6. coach723

    coach723 Chillin' With My Peeps

    610
    309
    141
    Feb 12, 2015
    North Florida
    Just my two cents.....If you add a bird or birds, quarantine it or them for at least 30 days. Don't let your birds and new birds breathe the same air.
    Moving is stressful on them and can trigger illness, and if they are carrying anything infectious this gives you a chance to find out before you spread it to your entire flock. It's not fool proof, but much safer than just chucking them all in together and hoping for the best.
    I'd also be picky about where you get your bird. Make it someone you know well, and know how the birds are kept, or someone very reputable. Find out if they are vaccinated and for what. There are unfortunately lots of people who will pass off sick birds to unsuspecting people. It is better to be cautious than it is to be sorry. If they can't or won't answer your questions, I would not take a bird from them. Not worth the risk to me.
    My preferred method for adding outside birds is to get chicks, and raise them in a brooder. By the time they are big enough to go out with the big birds most health issues would be noticed.
     
  7. xpchick

    xpchick Out Of The Brooder

    56
    1
    41
    Jan 12, 2016
    NY
    Thanks Coach. Good ideas. I hadn't given much thought to a new addition being a 'carrier' before so now I'm thinking we shouldn't get one from the rescue since they won't know the history and all of theirs interact. One ill bird could make them all carriers at the rescue :(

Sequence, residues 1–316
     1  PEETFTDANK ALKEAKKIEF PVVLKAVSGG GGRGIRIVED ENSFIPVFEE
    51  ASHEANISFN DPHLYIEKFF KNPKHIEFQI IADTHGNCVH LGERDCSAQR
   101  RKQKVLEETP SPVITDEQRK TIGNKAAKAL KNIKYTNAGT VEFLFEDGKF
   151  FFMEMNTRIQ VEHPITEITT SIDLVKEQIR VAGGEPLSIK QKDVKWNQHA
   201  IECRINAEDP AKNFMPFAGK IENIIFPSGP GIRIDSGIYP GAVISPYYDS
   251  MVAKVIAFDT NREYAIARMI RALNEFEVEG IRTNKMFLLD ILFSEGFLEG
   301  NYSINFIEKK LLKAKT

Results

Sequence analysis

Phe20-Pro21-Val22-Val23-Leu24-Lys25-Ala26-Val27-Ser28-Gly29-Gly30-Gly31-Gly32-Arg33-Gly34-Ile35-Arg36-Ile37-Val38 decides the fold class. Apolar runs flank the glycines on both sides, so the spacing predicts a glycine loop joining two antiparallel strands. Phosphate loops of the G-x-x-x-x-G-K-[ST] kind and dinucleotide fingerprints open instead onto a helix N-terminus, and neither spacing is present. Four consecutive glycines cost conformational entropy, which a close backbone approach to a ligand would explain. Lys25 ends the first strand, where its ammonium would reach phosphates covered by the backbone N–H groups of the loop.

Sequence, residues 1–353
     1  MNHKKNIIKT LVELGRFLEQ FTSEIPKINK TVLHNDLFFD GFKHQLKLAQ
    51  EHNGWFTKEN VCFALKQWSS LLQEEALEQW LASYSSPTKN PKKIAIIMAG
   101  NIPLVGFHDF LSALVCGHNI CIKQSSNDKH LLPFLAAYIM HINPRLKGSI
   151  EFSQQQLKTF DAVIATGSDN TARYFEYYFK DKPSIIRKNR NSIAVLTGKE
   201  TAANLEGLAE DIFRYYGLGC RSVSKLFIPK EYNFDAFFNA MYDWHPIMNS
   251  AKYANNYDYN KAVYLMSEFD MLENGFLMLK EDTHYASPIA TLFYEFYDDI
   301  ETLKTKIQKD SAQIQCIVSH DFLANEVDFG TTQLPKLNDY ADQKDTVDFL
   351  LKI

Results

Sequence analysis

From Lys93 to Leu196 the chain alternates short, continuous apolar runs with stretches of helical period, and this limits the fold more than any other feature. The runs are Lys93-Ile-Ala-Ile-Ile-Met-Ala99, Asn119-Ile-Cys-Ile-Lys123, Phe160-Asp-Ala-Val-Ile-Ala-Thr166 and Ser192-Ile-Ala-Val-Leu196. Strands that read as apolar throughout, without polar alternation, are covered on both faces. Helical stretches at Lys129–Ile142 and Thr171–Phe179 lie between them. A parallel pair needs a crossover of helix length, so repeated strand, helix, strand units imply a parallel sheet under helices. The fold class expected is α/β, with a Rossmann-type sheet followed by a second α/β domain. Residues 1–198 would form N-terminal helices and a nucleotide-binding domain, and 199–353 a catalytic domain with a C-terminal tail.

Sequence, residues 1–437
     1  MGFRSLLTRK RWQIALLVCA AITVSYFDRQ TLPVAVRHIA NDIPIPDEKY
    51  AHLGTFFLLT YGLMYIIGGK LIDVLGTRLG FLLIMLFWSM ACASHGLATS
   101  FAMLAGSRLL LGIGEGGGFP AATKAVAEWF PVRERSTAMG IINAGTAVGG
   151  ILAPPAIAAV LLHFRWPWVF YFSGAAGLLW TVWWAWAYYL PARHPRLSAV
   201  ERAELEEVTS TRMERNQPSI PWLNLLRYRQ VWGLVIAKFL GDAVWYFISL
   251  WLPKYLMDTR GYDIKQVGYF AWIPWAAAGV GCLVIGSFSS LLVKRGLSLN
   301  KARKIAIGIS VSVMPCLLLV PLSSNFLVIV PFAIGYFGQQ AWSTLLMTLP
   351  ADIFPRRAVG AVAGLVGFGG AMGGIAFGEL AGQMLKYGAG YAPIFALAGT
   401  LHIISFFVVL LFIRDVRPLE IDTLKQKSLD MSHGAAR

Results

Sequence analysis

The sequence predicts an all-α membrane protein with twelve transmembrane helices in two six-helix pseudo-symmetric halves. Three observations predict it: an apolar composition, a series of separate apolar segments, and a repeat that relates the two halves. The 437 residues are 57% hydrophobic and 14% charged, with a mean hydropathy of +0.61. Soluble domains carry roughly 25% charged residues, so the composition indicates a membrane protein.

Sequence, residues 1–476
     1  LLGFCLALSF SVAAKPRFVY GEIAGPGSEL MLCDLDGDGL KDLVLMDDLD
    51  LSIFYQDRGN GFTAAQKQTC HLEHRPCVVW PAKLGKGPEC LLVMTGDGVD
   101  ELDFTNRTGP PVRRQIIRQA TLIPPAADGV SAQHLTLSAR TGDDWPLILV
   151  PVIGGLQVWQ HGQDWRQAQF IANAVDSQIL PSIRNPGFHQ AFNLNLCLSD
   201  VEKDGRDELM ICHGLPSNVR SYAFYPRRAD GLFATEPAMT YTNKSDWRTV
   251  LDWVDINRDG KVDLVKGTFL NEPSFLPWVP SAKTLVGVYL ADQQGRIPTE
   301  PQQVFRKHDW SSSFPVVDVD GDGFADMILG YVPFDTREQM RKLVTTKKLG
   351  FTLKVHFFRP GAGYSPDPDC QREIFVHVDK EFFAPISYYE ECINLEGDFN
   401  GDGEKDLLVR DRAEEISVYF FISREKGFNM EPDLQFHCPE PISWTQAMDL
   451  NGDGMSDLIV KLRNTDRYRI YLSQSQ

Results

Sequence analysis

The rooster is a jerk though so I do need to replace him.

    Any thoughts on which antibiotic I should be trying to get before they are vet prescription only? Or don't worry about it and just wait to see if my birds get ill? It seems that there is a lot of confusing info out there on which antibiotic is better for what, if it is safe, the withdrawal time, etc.
     
  8. coach723

    coach723 Chillin' With My Peeps

    610
    309
    141
    Feb 12, 2015
    North Florida
    It is far better to follow good practices and prevention. For antibiotics the withdrawl is dependent on the type of antibiotic. Many used are not actually approved for chickens, so you will not find a withdrawl recommendation for chickens. Also, antibiotics are not effective on virus's, they are for bacterial infections. And antibiotics can be really hard on birds. They should be a last resort and you should be sure what you are treating for when using them. I keep wormers, Corid, neosporin, veterycin, betadine, chlorhexadine, and other wound care supplies on hand, along with vitamins, electrolites and probiotics.
     
    1 person likes this.
  9. xpchick

    xpchick Out Of The Brooder

    56
    1
    41
    Jan 12, 2016
    NY
    Thank you. Prevention is where I'm now really wondering what the best way is to replace my rooster. As I stated above, a rescue seems unwise. As for antibiotics I'm leaning towards not worrying about getting any that are being changed to Rx only and deal with it if we have an issue.
     

BackYard Chickens is proudly sponsored by